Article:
Patriots admit they violated NFL policy by shooting video of Bengals’ sideline

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Patriots admit they violated NFL policy by shooting video of Bengals’ sideline

“We understand and acknowledge that our video crew, which included independent contractors who shot the video, unknowingly violated a league policy by filming the field and sideline from the press box,” the Patriots said in the statement.

The video crew had been credentialed by the Browns, according to the Patriots, to shoot an online feature on a scout who was attending the game. The feature was part of an online series of “Do Your Job” episodes that also has included day-in-the-life features on members of the Patriots’ training and equipment staffs, the team said.

“The production crew is independent of our football operation,” the Patriots said in the statement. “While aware that one of the scouts was being profiled for a ‘Do Your Job’ episode, our football staff had no other involvement whatsoever in the planning, filming or creative decisions made during the production of these features. We accept full responsibility for the actions of our production crew at the Browns-Bengals game.”

Bengals officials noticed the video being shot in the press box in Cleveland by a Patriots staffer and notified the league, according to people with knowledge of the developments. The Bengals face the Patriots on Sunday in Cincinnati and apparently were wary that the videographer might have been shooting the Bengals’ sideline during the loss to the Browns.

The NFL, after an investigation, punished the Patriots in 2007 in the Spygate scandal for videotaping opposing coaching signals in violation of league rules. The league fined the team and Coach Bill Belichick a total of $750,000 and stripped the Patriots of a first-round draft pick.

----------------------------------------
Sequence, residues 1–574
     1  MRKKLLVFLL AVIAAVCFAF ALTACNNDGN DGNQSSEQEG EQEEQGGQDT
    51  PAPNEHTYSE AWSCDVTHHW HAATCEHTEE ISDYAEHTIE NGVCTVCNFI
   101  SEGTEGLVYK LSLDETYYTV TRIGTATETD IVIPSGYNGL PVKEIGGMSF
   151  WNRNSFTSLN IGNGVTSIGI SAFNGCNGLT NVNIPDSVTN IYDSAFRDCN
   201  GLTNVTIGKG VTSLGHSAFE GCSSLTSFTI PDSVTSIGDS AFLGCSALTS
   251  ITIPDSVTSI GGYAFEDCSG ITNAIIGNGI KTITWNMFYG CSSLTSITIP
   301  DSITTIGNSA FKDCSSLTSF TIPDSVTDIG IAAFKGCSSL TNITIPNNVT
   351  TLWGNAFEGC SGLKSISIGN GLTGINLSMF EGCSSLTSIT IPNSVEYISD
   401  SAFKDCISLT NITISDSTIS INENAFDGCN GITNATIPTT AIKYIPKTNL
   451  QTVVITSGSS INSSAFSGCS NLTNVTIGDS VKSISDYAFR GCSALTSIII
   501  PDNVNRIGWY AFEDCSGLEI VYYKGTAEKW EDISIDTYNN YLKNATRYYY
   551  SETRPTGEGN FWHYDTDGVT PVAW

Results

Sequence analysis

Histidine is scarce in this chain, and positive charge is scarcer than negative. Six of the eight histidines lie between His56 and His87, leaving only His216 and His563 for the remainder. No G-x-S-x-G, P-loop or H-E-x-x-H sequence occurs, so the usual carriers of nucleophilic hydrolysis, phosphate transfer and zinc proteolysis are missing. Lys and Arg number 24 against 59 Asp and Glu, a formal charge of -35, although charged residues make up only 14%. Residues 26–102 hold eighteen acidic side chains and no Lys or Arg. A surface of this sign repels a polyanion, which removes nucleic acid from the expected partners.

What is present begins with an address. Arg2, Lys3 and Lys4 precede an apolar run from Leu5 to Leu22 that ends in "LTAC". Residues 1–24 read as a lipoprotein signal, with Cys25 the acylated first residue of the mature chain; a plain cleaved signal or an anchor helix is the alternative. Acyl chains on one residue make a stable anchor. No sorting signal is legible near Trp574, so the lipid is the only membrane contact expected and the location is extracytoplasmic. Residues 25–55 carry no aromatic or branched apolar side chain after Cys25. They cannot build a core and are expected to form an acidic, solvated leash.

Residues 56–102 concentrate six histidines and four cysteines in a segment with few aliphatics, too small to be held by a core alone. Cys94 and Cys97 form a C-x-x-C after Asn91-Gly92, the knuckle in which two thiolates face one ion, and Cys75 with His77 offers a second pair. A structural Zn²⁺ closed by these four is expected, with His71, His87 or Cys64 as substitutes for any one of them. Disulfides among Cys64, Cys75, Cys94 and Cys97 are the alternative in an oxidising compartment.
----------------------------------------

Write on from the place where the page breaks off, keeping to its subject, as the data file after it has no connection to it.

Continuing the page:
Bengals Coach Zac Taylor made the latest issue public when he was asked about the topic during a news conference Monday. He said the league was investigating and declined further comment.

Belichick told Boston-area radio station WEEI on Monday that there was no wrongdoing by the team’s football staff.

“I heard about this,” he told the station, “and evidently this is our production people on the TV show that were there and … we have absolutely nothing to do with anything that they produce or direct or shoot. I have never even seen any of their tapes or anything else. This is something that we 100 percent have zero involvement with.”

The Patriots said their failure to notify the Bengals and the NFL in advance was “an unintended oversight.”

The Patriots also said: “The sole purpose of the filming was to provide an illustration of an advance scout at work on the road. There was no intention of using the footage for any other purpose. …When questioned, the crew immediately turned over all footage to the league and cooperated fully.”

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